A recently published paper by Hart et al presented a genome-wide CRISPR screening to identify fitness genes (a superset of essential genes) in five cell lines. The paper is quite impressive and shows the potentiality of CRISPR to generate large scale knockouts and to characterize the importance and function of genes in different conditions.
In the discussion the authors propose that fitness genes are more likely to be more conserved across species. However they do not follow-up on this hypothesis, probably for lack of space. They can’t be blamed as they already present a lot of results in the paper.
This post presents a follow-up analysis on the hypothesis that fitness genes are more conserved than non-essential genes. I’ll take the original data from the paper, get the conservation scores from bioconductor data packages, and do a Wilcoxon test to compare the two distribution. The full code is available as a github repository, and please feel free to contribute if you want to do some free R/Bioconductor analysis.
I’ve recently been a reviewer for the book “Bioinformatics with Python cookbook” by Tiago Antao, one of the big authors of BioPython. The book is published by Packt Publishing, and it is a collection of recipes for several bioinformatics tasks, from reading large genome files to doing population genetics and other tasks.
The github account of the author contains a link of all the python notebooks illustrated in the book. These notebook are freely accessible, but there is no explanation of the code, as for that you will need to buy the book. Moreover, the book provides a link to a docker image that can be used to install all the materials and software needed to execute the examples. I think this is a smart way to provide materials for exercises, and I will copy the idea in the future.
Being a reviewer, I was expected to be an expert in all the topics described in the book. However I must admit that I learned a lot from reviewing it, and that some of the recipes presented managed to surprise me. Here is a quick summary of the new things I learned:
If you are a programmer you may already know StackOverflow, which is a forum-like website dedicated to questions about computer science with a innovative design and a very active community, and probably the best place on Internet where to ask when you have doubts related to programming.
Thanks to a recent post on the biopython-dev mailingl list, I discovered that it is possible to create websites with the same engine used by StackOverflow, and personalize them on a specific topic: for example, this blog and this site list all the StackExchange-like websites, ranging from mathematics to electronics, to business.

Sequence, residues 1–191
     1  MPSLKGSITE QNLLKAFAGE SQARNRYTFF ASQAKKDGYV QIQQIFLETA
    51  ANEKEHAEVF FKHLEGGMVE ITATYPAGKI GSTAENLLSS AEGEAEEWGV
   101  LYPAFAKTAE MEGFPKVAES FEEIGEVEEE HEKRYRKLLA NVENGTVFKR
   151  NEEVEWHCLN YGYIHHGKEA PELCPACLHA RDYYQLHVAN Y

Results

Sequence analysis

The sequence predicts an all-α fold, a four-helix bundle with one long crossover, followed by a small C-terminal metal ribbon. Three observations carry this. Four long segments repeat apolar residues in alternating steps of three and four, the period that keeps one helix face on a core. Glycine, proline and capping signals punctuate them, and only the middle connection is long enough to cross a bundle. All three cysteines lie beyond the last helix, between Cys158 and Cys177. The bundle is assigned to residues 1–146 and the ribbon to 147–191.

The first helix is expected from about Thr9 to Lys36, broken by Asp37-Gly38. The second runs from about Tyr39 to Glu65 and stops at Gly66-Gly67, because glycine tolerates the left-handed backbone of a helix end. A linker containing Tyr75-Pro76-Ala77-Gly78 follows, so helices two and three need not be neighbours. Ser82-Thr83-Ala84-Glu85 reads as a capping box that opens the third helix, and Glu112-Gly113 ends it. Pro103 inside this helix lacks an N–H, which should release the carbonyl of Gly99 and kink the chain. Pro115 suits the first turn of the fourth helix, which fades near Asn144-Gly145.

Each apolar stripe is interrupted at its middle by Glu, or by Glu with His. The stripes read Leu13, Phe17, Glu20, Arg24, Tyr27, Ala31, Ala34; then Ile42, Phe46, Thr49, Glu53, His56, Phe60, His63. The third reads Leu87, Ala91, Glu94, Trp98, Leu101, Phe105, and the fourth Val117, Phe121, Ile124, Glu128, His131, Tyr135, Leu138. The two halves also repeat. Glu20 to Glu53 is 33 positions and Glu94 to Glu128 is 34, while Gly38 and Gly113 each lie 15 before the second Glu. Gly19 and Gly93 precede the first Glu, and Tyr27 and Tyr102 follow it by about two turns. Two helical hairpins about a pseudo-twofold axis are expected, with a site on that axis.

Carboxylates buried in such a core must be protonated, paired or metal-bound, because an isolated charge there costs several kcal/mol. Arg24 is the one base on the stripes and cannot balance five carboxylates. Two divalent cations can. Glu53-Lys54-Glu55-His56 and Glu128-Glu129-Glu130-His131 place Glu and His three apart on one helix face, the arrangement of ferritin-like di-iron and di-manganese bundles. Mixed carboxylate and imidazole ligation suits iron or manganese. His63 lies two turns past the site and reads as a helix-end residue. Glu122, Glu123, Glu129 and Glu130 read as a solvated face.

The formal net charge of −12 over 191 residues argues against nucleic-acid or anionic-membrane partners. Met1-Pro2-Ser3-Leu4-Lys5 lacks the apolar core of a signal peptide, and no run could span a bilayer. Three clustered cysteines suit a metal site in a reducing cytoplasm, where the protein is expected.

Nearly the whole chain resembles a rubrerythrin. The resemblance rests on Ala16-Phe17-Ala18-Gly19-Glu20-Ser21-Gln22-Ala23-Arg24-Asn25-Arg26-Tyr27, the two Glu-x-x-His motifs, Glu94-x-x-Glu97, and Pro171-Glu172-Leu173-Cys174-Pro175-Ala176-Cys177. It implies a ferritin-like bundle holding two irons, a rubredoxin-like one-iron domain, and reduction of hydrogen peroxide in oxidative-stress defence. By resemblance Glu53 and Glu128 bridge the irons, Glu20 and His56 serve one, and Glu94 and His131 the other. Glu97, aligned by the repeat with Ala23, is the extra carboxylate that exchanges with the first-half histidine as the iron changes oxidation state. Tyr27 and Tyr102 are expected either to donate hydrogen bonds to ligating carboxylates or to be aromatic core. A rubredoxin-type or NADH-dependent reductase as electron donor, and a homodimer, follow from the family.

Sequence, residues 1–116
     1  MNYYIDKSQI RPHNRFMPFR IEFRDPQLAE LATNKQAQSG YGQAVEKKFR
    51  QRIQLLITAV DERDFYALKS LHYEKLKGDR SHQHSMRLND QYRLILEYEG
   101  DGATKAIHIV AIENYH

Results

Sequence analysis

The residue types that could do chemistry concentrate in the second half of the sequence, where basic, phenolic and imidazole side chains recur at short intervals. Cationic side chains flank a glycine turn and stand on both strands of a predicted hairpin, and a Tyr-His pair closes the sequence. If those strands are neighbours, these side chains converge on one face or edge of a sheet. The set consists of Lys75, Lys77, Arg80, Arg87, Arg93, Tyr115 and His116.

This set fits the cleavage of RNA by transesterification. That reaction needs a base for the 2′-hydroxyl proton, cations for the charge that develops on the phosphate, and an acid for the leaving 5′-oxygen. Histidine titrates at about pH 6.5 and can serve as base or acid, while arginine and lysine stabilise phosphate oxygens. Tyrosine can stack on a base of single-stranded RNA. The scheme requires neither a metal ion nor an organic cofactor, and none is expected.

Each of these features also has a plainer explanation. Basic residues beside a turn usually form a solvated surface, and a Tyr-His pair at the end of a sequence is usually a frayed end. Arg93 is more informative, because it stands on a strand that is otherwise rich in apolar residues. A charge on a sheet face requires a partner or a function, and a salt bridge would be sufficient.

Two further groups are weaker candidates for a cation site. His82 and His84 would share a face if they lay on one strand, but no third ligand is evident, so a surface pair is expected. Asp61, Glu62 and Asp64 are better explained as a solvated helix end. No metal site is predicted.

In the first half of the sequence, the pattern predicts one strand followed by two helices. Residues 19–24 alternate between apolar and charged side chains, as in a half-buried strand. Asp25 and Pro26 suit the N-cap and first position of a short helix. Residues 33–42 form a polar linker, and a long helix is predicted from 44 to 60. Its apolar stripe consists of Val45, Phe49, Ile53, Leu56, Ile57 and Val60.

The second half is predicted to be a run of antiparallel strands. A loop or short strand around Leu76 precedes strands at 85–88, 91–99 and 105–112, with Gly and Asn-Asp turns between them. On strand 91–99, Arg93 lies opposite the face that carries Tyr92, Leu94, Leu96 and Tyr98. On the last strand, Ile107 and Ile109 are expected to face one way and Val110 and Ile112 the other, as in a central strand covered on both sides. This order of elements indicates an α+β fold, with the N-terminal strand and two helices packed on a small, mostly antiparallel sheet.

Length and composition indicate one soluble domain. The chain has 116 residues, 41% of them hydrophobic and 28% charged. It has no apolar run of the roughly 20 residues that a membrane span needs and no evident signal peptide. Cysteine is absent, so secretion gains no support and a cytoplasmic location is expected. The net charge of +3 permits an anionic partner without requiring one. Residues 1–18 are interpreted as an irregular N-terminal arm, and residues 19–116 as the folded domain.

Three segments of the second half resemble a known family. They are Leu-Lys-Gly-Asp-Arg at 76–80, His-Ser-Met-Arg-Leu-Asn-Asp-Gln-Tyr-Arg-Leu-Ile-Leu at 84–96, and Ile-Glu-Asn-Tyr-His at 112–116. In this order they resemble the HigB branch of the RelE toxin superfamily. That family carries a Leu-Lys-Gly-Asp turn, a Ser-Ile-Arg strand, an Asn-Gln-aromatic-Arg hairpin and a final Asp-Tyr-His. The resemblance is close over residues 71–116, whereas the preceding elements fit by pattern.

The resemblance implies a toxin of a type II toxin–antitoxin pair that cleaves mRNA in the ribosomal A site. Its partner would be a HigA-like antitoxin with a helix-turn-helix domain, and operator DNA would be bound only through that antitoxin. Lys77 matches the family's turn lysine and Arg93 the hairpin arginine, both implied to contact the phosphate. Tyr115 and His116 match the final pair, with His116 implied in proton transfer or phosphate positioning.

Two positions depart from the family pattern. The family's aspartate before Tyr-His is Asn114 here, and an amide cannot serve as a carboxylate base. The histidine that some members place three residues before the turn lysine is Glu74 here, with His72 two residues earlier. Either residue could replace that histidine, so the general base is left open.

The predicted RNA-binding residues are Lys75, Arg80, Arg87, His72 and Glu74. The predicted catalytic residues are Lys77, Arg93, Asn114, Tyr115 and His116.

So, there is also a StackExchange website dedicated to bioinformatics, and lately I have been using it: its name is BioStar:
If you have a question on bioinformatics, whether specific or general, you may ask it there… If we can create a community similar to the StackOverflow for bioinformatics, it will be a very good resource for everyone.
Today the maintainers of the GeneOntology database have accepted a term that I had proposed two days earlier. Therefore, since today I am the daddy of ‘integral to lumenal side of endoplasmic reticulum membrane‘ (GO:0071556)!!! 🙂
GeneOntology is a database of terms used to describe the functions and the properties of proteins and objects of biological interest. It is like an ufficial and structured vocabolary, which you can use when you describe a protein to be sure that there it will be no misunderstanding on what you are saying.
Proposing a term to GeneOntology is very easy and quick, and the maintainers answer quite quickly. The only thing you have to do is to go to their bug tracker on sourceforge and provide the few informations that they require (see the instructions). As I said before, it tooks only 2 days for them to accept my proposal, but my term was kind of a special case and it was clear that it was necessary to add it.
While the process to add GO term is quick and efficient, I think that they should improve their annotations for genes a bit. In fact there are a lot of GO terms which seems to be not associated with any gene, for example this one (which is some way similar to the gene that I have just proposed).
Moreover, sometimes it is difficult to navigate the GeneOntology tree itself: if you look again at GO:0071458, and look at the tree in the lower part of the page, you see that the term is repeated several times (because it belongs to several higher-level terms), and the representation is correct but a bit intimidating at first.
So, hurrá for GeneOntology… if in the future you will ever work with something which is ‘integral to lumenal side of endoplasmic reticulum membrane’, be it either a gene or another molecule, I hope it will remind you of me… 🙂